As an accredited or certified machinery and equipment appraiser, you will learn that three approaches to value are considered for every appraisal: The Sales Comparison, Cost, and Income Approaches. Except in rare cases, only the first two are utilized in a typical valuation as business revenue and expenses under an income approach are very difficult and impractical to apply directly to equipment as part of a larger operating facility. Here are a few broad discussion points regarding these two primary approaches.
The Sales Comparison Approach, which is commonly referred to as the “market” approach, focuses on the research and analysis of similar used machinery being bought and sold in the resale marketplace. The appraiser reviews available listings, sales, and databases, while gathering opinions of value from dealers and other resellers, and ultimately adjusts the data to reflect a reasonable opinion of value based on the specific characteristics of the assets being appraised.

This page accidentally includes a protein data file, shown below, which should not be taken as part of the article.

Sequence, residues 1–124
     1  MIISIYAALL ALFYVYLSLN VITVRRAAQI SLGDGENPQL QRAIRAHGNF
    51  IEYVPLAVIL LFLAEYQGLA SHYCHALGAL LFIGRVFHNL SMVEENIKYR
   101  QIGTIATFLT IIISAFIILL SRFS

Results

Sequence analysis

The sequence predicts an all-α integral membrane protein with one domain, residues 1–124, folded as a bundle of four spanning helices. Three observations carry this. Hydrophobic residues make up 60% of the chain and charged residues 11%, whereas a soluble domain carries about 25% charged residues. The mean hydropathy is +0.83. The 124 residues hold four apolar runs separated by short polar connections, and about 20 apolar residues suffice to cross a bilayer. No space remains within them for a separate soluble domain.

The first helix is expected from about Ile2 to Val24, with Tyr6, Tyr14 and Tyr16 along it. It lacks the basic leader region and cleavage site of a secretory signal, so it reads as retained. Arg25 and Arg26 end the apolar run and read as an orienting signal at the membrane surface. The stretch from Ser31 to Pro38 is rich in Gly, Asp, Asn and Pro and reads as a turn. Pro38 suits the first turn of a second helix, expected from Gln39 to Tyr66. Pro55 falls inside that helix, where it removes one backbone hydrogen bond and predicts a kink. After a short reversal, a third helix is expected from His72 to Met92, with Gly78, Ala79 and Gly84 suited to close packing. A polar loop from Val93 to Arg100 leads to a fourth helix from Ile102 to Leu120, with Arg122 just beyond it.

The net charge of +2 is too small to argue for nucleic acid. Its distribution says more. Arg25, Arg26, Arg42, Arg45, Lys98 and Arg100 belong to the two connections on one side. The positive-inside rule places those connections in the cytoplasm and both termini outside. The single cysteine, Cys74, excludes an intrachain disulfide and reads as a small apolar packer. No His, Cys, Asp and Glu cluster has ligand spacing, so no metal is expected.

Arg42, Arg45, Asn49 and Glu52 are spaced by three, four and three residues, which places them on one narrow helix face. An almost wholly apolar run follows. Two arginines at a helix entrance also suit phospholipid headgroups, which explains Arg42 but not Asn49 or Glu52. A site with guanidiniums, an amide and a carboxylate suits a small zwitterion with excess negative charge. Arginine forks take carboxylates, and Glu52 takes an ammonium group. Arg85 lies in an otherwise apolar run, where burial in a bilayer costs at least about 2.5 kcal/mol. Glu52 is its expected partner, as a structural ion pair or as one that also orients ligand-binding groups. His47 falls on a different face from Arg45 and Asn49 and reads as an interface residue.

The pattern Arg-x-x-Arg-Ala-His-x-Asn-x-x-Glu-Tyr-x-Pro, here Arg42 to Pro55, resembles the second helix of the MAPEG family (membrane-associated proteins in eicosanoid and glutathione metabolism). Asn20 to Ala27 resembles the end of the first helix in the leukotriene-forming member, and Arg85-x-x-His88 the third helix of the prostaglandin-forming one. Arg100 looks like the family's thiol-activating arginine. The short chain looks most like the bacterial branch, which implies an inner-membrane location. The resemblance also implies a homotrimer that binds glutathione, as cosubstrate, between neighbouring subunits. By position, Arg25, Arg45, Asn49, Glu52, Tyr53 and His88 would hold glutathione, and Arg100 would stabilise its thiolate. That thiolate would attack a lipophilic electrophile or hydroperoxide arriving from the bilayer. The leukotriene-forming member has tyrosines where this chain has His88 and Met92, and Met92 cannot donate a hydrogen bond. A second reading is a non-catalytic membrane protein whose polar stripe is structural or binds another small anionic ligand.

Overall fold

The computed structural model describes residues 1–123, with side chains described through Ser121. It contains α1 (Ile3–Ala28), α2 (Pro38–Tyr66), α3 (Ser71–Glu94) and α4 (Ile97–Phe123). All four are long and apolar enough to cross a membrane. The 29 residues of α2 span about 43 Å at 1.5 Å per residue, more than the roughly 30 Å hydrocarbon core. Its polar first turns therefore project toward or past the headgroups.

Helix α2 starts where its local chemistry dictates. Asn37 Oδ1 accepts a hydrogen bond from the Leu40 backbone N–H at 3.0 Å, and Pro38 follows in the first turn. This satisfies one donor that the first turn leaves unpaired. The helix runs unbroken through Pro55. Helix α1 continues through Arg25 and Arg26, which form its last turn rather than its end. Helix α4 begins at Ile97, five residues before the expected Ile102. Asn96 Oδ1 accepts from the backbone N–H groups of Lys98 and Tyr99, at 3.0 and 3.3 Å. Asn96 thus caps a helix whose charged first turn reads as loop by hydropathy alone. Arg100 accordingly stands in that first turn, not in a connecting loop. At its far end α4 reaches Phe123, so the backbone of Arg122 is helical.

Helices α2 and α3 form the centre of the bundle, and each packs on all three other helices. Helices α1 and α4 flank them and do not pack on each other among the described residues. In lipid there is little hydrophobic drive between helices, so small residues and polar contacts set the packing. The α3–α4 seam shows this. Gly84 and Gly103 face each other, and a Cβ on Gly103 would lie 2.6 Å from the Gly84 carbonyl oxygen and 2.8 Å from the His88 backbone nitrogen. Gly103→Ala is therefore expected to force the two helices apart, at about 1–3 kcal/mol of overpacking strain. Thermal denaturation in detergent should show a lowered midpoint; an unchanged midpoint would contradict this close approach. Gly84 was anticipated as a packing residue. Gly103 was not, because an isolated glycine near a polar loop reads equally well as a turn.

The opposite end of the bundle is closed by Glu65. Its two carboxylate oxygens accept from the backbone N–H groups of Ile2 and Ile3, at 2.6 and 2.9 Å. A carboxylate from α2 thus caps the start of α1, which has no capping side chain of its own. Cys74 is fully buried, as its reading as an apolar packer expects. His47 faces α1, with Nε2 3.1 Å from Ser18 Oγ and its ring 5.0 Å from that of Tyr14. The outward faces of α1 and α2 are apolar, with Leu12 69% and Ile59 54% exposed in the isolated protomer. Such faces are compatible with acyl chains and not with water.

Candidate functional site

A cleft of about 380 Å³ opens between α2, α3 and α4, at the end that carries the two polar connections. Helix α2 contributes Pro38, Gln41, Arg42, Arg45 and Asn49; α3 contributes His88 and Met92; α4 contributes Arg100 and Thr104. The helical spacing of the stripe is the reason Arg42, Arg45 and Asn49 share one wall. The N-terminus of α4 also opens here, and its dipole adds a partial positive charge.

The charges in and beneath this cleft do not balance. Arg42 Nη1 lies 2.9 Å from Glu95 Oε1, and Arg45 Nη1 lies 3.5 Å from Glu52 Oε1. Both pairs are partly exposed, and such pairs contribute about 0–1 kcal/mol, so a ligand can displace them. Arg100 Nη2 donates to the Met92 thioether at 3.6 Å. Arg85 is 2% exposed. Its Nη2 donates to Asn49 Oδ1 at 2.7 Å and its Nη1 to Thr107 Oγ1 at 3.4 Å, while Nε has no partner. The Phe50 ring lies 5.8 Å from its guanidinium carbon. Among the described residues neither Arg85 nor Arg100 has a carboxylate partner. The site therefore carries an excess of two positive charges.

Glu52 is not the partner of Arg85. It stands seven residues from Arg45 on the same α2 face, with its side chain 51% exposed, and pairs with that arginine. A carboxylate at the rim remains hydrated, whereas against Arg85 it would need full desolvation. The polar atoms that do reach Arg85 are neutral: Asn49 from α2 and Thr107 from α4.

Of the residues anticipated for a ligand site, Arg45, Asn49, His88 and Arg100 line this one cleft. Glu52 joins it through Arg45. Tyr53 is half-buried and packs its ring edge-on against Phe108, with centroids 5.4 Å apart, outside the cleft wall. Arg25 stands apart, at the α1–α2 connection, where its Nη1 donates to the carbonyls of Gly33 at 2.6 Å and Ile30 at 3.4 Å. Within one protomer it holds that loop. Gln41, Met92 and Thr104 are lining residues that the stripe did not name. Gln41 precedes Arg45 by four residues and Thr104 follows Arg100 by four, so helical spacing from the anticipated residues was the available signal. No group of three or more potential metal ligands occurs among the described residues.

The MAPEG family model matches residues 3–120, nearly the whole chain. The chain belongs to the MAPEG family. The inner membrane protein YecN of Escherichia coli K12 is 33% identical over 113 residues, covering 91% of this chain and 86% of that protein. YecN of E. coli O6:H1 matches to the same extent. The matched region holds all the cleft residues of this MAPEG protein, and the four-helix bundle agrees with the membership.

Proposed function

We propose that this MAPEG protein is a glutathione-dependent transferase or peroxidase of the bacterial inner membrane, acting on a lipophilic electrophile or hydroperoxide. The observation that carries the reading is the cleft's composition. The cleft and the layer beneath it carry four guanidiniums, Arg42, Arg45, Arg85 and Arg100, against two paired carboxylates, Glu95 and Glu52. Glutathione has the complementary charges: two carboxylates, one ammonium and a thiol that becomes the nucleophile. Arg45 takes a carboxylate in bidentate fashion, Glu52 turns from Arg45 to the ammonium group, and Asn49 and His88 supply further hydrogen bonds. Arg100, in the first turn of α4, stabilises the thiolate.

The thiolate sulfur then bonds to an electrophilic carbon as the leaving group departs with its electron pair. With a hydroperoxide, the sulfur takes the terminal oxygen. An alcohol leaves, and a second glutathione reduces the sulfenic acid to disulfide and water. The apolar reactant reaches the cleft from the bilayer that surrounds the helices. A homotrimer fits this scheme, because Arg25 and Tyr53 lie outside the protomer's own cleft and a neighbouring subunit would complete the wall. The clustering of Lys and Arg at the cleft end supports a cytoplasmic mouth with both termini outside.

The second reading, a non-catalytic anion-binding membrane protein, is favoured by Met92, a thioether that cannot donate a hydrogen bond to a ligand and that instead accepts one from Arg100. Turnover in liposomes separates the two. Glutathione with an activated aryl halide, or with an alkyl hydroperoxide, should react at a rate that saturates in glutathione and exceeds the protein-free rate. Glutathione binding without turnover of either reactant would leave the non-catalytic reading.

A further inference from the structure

The Cost Approach relies on the determination of key variables that pertain to estimating equipment value, including replacement cost new, useful life, effective age, and annual levels of depreciation. Understanding how these factors work in conjunction with each other, as well as providing additional perspective to complement the sales comparison approach, will create a balanced opinion of value.
Both approaches should be considered and relied upon to a certain extent in every equipment appraisal to avoid a limited perspective. The amount of data the appraiser can develop under each approach will determine the level of weight assigned to each. In some cases, the equipment may have a limited amount of used market data and need stronger reliance on a cost approach and vice versa.
It is important to understand where the most reliable sources of data are found under each approach and how to reasonably interpret them. The valuation professional should look to specific market and industry sources that directly relate to the subject assets being valued. The appraiser should also avoid taking every source at 100% face value while creating a “common sense” approach that brings the information together to form a realistic opinion of value.
Keep in mind the conclusions you ultimately estimate are your opinion, and not anyone else’s. You will cite all the sources you relied upon; however, they are individually only one component of the overall appraisal that you develop. The more experience you gain over time will bring these processes into better focus as you continue to understand the nuances of machinery and equipment valuation.